Benjamin G. Kelly

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We study error exponents for source coding with side information. Both achievable exponents and converse bounds are obtained for the following two cases: lossless source coding with coded information and lossy source coding with full side information (Wyner-Ziv). These results recover and extend several existing results on source-coding error exponents and(More)
We describe a scheme for rate-distortion with distributed encoding in which the sources to be compressed contain a common component. We show that this scheme is optimal in some situations and that it strictly improves upon existing schemes, which do not make full use of common components. This establishes that independent quantization followed by(More)
We provide a novel upper-bound on Witsenhausen's rate, the rate required in the zero-error analogue of the Slepian-Wolf problem. Our bound is given in terms of a new information-theoretic functional defined on a certain graph and is derived by upper bounding complementary graph entropy. We use the functional, along with graph entropy, to give a single(More)
Given training sequences generated by two distinct, but unknown distributions sharing a common alphabet, we seek a classifier that can correctly decide whether a third test sequence is generated by the first or second distribution using only the training data. To model ‘limited learning’ we allow the alphabet size to grow and therefore(More)
We consider the quadratic Gaussian Wyner-Ziv problem, i.e., the problem of lossy compression of a Gaussian source with Gaussian side information at the decoder and a quadratic distortion measure. Motivated by applications in video coding, we study how to minimize the probability that the distortion exceeds a given threshold, as opposed to the conventional(More)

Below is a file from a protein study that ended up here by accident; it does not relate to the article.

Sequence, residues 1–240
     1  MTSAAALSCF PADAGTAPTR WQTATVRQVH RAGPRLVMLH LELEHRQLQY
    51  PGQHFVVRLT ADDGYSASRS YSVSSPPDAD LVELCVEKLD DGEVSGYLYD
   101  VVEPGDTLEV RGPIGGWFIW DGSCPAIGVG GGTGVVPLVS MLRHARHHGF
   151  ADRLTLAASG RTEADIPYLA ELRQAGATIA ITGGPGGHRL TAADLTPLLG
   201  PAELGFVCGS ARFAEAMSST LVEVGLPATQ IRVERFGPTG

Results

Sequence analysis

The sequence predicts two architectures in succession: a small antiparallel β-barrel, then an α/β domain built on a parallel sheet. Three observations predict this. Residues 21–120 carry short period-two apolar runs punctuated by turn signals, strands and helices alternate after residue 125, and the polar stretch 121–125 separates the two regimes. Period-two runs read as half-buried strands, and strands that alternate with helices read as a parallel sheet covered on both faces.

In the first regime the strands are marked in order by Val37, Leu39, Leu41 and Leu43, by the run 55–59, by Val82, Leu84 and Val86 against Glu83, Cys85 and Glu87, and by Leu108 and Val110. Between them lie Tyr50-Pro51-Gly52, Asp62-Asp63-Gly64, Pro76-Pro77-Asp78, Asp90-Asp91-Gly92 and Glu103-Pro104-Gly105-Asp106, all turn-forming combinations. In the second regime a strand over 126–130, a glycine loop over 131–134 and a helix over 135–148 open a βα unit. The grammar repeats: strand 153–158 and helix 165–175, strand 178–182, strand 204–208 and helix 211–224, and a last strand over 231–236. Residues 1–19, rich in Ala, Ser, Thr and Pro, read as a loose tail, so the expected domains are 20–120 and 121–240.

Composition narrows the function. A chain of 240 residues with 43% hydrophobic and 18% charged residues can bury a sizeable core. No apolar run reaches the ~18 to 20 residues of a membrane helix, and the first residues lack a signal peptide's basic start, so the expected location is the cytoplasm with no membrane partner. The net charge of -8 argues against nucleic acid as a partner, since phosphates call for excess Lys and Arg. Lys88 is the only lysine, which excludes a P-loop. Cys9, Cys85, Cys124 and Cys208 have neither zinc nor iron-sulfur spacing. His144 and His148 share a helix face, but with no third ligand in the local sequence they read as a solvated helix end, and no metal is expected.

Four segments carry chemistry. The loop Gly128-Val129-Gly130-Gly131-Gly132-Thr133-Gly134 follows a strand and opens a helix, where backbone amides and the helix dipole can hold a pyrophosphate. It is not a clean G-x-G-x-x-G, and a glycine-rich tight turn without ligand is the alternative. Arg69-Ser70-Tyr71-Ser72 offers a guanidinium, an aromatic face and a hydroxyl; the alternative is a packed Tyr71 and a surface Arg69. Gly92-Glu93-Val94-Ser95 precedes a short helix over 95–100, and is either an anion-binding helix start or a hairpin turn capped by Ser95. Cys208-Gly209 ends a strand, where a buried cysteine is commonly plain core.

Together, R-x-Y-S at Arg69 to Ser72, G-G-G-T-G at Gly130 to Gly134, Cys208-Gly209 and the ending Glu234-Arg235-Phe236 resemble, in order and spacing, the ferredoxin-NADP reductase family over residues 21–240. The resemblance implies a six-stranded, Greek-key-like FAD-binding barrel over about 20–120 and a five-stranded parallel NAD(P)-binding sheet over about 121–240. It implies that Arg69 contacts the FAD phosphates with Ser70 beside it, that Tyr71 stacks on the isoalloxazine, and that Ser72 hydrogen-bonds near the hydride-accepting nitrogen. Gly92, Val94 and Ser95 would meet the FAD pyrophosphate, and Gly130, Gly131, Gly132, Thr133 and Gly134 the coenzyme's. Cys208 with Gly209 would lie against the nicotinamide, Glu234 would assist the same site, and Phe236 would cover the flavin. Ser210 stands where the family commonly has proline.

Given training sequences generated by two distinct, but unknown, distributions on a common alphabet, we study the problem of determining whether a third sequence was generated according to the first or second distribution. To model sources such as natural language, for which the underlying distributions are difficult to learn from realistic amounts of data,(More)
We study universal compression of independent and identically distributed sources over large alphabets using fixed-rate codes. To model large alphabets, we use sequences of discrete alphabets that increase in size with the blocklength. We show that universal compression is possible using deterministic codes provided that the alphabet growth is sub-linear in(More)
We provide new achievable error exponents for the problem of source coding with full side information at the decoder. In some instances our exponent strictly improves upon the previous applicable results of Csiszár; Oohama and Han; and the “expurgated” exponent of Csiszár and Körner. Our improvement follows from studying(More)
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